Despite the fact that the cryptocurrency industry had a solid year in terms of market performance in 2021, the number of governments that have banned bitcoin has more than doubled since 2018.
The Library of Congress (LOC) has released a paper detailing the nine countries that have implemented an outright ban on crypto, as well as the 42 that have implemented an implied ban. This is up from eight and fifteen, respectively, when the report initially came out in 2018.
The LOC is the Senate’s research library, as well as the country’s national library.
An absolute ban means that any “transactions with or holding cryptocurrency is a criminal act,” whereas an implicit ban prohibits cryptocurrency exchanges, banks, and other financial institutions from “dealing in cryptocurrencies or offering services to individuals/businesses dealing in cryptocurrencies,” according to the LOC report.
Middle East is among the nine new jurisdictions
Egypt, Iraq, Qatar, Oman, Morocco, Algeria, Tunisia, Bangladesh, and China are among the nine new jurisdictions with an outright prohibition. In 2021, the most focus was paid to China’s cryptocurrency ban.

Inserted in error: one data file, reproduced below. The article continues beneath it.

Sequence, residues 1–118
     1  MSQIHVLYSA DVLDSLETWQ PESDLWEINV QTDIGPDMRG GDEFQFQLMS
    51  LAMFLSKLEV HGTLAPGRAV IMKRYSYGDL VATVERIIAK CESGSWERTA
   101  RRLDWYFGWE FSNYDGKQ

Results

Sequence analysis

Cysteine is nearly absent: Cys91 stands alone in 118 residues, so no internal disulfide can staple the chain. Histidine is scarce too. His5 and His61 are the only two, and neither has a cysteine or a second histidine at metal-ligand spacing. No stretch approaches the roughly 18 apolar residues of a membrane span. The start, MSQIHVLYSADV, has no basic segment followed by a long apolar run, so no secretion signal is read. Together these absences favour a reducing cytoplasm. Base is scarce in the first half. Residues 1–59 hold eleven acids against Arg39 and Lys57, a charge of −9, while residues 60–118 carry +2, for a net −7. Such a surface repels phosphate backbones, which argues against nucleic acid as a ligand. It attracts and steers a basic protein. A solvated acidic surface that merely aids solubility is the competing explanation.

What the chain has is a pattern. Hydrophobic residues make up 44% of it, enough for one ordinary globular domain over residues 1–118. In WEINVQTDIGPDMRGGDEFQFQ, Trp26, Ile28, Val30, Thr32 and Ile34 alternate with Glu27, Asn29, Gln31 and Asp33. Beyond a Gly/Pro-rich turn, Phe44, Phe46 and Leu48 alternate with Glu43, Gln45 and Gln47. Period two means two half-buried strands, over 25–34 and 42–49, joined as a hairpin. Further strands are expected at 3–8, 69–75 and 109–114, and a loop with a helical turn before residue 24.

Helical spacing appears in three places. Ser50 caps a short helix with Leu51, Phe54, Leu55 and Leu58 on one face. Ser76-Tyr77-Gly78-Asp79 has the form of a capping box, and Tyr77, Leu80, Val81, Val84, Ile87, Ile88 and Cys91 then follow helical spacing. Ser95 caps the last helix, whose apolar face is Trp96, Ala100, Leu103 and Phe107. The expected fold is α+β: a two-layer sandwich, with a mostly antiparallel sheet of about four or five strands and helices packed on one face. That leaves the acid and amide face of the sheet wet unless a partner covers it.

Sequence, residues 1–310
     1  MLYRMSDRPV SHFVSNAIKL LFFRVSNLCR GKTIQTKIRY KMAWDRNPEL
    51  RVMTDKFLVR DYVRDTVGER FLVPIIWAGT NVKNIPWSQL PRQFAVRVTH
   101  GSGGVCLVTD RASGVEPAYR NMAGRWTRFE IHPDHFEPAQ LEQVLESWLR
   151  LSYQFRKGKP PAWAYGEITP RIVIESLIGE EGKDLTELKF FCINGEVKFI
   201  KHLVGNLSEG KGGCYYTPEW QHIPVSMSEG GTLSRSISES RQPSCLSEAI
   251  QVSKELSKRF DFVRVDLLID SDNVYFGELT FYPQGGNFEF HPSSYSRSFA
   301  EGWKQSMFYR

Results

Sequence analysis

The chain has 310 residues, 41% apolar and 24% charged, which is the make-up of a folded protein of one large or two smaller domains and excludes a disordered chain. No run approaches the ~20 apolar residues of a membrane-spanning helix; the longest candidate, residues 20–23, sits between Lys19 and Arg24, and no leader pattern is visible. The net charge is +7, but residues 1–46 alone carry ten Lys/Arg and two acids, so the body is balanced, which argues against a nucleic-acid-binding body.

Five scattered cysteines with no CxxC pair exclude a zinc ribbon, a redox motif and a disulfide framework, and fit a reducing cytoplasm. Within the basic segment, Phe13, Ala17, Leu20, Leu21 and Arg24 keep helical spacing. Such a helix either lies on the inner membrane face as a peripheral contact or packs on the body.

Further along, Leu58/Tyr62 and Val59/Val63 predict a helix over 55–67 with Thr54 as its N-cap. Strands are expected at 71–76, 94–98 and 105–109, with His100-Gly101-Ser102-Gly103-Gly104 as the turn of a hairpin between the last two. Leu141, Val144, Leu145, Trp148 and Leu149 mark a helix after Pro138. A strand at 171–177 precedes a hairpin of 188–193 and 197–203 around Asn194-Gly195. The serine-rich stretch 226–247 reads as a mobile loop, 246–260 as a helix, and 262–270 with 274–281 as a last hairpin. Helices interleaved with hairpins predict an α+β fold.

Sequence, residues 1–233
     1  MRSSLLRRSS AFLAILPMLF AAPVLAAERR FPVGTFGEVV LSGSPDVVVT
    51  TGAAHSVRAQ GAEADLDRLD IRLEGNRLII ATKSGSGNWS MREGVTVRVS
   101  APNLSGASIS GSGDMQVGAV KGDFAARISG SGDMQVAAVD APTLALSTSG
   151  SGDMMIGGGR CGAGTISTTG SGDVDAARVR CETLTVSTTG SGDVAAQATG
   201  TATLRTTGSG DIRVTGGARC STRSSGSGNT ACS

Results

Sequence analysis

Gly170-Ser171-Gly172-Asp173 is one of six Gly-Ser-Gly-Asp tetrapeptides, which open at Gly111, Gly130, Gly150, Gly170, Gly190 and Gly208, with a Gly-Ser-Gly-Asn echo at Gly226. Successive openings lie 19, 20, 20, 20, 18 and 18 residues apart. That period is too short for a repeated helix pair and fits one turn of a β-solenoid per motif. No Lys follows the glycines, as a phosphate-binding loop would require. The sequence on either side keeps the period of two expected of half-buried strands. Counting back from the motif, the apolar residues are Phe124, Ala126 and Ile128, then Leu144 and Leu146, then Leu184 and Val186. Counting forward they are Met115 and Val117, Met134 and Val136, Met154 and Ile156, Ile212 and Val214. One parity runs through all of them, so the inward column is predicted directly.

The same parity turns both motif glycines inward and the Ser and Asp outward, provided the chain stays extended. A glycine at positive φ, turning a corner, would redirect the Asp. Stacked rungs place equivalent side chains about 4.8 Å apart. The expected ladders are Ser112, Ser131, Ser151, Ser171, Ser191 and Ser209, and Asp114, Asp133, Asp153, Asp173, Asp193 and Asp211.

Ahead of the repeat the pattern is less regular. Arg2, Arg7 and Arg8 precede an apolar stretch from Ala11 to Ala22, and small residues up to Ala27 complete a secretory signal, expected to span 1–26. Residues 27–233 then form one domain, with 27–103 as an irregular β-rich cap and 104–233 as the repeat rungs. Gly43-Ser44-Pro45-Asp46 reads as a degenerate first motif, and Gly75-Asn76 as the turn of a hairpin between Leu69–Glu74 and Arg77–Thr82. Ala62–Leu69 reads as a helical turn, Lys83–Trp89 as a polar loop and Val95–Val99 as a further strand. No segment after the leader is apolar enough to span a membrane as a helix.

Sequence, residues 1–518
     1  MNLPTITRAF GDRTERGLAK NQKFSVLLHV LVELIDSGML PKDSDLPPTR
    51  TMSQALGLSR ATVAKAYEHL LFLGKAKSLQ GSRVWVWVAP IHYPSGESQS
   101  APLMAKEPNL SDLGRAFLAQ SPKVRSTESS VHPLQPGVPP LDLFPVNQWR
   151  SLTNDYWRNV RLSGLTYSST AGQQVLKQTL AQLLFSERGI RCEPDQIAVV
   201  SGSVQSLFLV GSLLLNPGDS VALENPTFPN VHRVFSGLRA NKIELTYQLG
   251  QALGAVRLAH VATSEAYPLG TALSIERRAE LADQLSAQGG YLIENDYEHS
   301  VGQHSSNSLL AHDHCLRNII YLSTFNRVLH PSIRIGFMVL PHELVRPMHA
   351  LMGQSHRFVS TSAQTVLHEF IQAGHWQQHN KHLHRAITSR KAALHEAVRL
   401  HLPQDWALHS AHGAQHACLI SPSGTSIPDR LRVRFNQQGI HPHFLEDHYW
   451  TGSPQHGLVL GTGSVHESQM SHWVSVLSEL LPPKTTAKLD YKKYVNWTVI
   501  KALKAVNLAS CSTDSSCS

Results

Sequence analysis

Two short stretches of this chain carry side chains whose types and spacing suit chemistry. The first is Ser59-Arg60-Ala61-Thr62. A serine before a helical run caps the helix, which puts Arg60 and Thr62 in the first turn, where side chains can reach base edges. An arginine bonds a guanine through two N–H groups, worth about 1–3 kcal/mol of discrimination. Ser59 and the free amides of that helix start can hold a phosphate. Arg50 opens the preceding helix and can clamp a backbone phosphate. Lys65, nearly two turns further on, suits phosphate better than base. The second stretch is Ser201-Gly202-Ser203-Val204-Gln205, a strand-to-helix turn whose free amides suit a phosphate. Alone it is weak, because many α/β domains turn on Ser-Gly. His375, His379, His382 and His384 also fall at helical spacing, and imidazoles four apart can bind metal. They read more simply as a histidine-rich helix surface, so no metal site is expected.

The rapid rise in jurisdictions prohibiting or regulating cryptocurrency over the last three years shows no signs of slowing down. With several governments presently examining their options. Aside from the 51 jurisdictions that have enacted crypto bans, 103 have enacted anti-money laundering and counter-terrorist financing (AML/CFT) legislation, up from 33 jurisdictions in 2018.
Due to the power needs and environmental costs of maintaining networks, a Swedish financial watchdog and the Swedish Environmental Protection Agency advocated for a ban on Proof of Work (PoW) mining in November. Melanion Capital, based in Paris, slammed the arguments against mining as “totally ignorant”.
New guidelines are likely to alter the definition of a virtual asset service provider
Estonia, Sweden’s EU neighbour, plans to implement AML/CFT regulations in February. These new guidelines are likely to alter the definition of a virtual asset service provider (VASP). And imply a ban on decentralised finance (DeFi) and Bitcoin (BTC).
When India’s lawmakers proposed a crypto ban last year, it caused a stir. The result was not an outright ban, but a push by the Securities and Exchange Board of India (SEBI). Which regulates local crypto exchanges, to regulate cryptocurrencies as crypto assets. A total prohibition, on the other hand, is not ruled out.